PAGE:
Monthly Archives: January 2011

A weekend treat

What a fabulous weekend it has been. I was whisked off to The Olive Branch at Clipsham, Rutland to celebrate my birthday and what a wonderful place – it never lets you down. The twice baked soufflé was superb, as always, and the desserts are to die for. It being my birthday we were treated to complementary petit fours and champagne all presented on a plate beautifully decorated with Happy Birthday in chocolate! Breakfast for me was kippers – I won’t cook them at home as they smell so! It’s a real treat to have someone else prepare them and these were from Norfolk so they were superb. I’d usually have to wait until we visit our cottage in Blakeney for a treat like this. I’m now preparing for my visit to the NEC, Birmingham for the annual Interiors show. I’ll be visiting old suppliers like Whitehead Sofas, Valsan Lighting and Lloyd Loom and looking for new ones too. This year there are some Scandinavian trade stands which I’m sure I’ll be taking a good look at. I’ll let you know how I get on later in the week. Until then… Alison

Check out Pimpernel Cottage with the www.blakeneycottagecompany.co.uk

Pimpernel Cottage, our bolt hole in Norfolk

www.theolivebranchpub.com

Garden tidy up

I saw my first snowdrops this week: it’s a sure sign that Spring is now just around the corner so it’s time for the inevitable garden tidy up.

Now is a great time to tackle your pruning. Many plants appreciate a haircut while they are still dormant and their sap isn’t rising up the stems. It’s an especially good time to prune stems of Salix and Cornus to encourage new growth. These will then reward you with fabulous colour next year. Plant two or three Cornus together and use contrasting coloured stems for the best effect. They look particularly good planted near water.

Plant a bare root hedge, on a clear day when the soil isn’t frozen. The most cost effective is to plant whips (single stemmed rooted plants) but they do take a few years to establish. If you want something more instant opt for bigger plants but ensure you prepare the ground well and keep them fed and watered.

Prepare your garden now for stunning borders later in the year

Sow hardy annual flower seeds where you want them to flower later in the year. If you have a cutting garden which you use to provide flowers for the house then you’ve probably already stated to think about this. But if you simply want to add some colour to existing borders this is a great way of doing it.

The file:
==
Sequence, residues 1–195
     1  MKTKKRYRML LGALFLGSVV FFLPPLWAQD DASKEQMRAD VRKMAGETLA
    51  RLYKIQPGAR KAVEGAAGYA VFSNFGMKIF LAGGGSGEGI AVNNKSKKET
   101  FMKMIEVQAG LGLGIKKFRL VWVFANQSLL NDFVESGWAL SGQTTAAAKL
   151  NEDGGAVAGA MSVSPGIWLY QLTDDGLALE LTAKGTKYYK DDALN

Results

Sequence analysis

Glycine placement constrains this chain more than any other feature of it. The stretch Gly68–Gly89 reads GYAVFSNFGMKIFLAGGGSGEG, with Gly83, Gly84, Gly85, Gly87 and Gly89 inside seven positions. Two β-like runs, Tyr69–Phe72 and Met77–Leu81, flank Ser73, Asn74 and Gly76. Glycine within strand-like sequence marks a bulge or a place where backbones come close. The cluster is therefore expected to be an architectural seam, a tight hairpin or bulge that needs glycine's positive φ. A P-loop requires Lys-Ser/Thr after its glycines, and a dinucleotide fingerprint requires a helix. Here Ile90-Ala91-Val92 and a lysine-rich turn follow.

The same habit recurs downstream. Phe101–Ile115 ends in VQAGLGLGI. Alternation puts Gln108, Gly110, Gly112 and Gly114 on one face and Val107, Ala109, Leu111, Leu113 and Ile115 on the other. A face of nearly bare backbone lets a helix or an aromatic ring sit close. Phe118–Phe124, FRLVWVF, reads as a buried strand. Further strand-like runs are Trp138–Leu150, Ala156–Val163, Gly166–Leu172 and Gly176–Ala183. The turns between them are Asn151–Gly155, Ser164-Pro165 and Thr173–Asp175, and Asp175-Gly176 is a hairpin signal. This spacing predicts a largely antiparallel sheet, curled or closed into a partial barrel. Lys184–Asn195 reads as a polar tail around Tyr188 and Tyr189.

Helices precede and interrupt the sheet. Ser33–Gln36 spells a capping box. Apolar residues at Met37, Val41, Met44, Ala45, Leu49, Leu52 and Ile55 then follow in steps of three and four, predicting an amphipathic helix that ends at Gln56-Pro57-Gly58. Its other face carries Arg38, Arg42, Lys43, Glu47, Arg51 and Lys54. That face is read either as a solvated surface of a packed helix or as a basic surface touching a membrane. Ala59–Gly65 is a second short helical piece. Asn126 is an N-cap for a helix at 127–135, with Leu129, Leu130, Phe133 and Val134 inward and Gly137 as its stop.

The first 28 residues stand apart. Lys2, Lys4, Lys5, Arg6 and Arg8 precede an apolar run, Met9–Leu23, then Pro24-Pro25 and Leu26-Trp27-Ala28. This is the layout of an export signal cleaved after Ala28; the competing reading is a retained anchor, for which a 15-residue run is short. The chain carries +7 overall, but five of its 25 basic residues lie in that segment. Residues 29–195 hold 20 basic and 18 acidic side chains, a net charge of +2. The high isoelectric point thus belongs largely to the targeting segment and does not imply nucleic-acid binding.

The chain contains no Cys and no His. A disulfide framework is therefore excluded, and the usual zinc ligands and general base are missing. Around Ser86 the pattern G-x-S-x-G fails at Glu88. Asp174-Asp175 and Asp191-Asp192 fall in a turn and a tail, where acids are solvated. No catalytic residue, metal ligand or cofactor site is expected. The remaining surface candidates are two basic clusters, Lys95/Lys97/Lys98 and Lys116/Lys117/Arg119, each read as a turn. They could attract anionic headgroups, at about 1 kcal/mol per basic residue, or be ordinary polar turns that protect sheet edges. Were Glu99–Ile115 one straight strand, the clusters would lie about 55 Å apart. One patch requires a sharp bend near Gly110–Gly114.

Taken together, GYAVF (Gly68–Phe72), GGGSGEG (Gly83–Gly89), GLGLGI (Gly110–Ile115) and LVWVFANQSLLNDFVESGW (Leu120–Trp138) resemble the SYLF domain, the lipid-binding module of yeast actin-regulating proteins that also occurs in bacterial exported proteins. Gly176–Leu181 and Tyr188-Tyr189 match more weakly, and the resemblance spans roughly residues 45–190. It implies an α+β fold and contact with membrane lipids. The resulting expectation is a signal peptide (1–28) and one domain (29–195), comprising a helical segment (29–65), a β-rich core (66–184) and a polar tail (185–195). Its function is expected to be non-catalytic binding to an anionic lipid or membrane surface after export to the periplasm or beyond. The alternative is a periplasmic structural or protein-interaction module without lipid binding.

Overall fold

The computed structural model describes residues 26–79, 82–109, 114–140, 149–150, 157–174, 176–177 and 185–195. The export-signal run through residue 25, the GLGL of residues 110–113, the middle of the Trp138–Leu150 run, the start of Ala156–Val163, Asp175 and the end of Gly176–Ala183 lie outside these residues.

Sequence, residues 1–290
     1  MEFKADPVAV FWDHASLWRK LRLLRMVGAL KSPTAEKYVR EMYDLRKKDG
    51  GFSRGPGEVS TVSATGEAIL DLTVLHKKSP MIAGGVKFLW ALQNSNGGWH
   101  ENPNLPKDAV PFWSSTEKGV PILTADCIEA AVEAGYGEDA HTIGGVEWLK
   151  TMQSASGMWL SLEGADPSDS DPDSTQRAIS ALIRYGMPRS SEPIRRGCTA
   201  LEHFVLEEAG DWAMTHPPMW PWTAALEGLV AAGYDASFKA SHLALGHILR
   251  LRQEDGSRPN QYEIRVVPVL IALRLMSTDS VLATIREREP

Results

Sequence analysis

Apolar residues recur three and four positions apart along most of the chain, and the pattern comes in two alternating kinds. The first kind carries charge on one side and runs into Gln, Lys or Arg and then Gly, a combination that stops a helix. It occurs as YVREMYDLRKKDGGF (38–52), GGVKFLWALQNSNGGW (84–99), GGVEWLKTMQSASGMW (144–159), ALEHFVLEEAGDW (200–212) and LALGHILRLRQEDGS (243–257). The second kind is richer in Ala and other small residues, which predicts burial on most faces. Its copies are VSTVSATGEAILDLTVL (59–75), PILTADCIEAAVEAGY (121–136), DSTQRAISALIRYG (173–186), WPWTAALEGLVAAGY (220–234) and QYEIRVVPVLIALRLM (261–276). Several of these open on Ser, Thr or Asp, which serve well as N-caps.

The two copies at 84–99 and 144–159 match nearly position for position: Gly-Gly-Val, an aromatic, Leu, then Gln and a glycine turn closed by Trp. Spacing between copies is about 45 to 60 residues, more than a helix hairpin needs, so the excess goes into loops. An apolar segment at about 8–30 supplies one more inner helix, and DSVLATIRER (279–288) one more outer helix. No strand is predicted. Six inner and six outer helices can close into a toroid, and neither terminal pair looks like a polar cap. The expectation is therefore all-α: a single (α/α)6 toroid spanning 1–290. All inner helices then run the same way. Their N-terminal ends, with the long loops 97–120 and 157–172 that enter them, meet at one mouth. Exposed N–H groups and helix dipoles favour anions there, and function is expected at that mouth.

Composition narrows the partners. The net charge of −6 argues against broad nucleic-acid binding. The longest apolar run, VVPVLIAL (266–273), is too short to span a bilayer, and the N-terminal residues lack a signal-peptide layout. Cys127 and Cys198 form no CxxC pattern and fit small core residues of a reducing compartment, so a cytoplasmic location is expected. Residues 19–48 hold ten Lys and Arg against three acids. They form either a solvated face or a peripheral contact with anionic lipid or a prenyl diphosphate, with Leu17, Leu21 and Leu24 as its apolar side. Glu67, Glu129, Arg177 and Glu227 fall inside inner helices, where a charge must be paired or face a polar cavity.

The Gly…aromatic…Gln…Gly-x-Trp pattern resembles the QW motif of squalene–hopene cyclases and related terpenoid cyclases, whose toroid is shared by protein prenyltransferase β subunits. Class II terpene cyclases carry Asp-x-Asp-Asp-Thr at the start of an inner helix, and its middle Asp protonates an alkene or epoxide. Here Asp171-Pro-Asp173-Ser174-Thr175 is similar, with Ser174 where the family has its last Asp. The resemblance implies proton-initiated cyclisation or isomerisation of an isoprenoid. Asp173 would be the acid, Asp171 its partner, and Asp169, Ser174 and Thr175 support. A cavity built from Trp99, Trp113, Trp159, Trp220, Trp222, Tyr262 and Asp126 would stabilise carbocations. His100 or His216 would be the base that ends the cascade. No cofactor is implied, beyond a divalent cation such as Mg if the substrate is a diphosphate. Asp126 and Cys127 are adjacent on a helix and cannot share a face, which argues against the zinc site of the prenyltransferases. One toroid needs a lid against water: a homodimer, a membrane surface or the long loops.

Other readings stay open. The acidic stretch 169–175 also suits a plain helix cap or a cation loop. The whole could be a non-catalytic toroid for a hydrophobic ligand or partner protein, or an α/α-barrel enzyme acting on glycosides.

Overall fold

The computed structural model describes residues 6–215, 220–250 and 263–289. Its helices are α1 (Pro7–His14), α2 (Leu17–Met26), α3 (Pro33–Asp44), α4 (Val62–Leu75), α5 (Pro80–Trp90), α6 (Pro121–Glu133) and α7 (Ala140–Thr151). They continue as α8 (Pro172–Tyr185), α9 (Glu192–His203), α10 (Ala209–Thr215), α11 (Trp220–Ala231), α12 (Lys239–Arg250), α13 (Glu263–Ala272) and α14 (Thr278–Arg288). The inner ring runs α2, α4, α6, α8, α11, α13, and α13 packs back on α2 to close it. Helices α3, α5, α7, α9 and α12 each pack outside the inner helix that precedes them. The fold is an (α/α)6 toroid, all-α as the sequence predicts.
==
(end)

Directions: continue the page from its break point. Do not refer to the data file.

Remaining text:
Pre-warm soil with clothes or fleece before sowing vegetables. It’s amazing what a different a few degrees can make to the germination and growth of seedlings. By warming the soil prior to planting you are giving plants the best chance of germination and growth. Many garden centres sell ready made plastic or fleece cloches or you can make your own, often better if you have an unusual shape or long area to cover. Simply buy or make wire hoops and secure them in the soil and stretch clear plastic or fleece over them. As the air within the hoop warms up so it will warm the soil. The more air you can trap to warm up the better.

Tidy and re-cut lawn edges. They say that the cheat’s way of making the garden look well looked after is to edge the lawn. It’s possibly true as a sharp lawn edge gives a smart finish to the lawn and border. If you’re fed up with this time consuming job then opt for a lawn edge which is in place year round. A soldier course of brick or cobbles works very well or opt for one of the metal edging strips which you hammer into the soil, these are great for curves and can be changed if you decide to extend or reduce a border. My favourite is a product called Everedge which you can get from some garden centres or direct through the internet.

Add a top dressing of compost to potted plants. If your plants have been in the same pot all winter now is the time to freshen them up. Remove any weeds and add a layer (2 – 3inches) of fresh soil. This will provide a feed for the next few weeks until you start using a slow release fertiliser or liquid feed in the late Spring and Summer. Remember that a plant in a pot can’t take nutrient from anywhere else so is dependent on you to feed and water it, especially in windy weather when they dry out more quickly.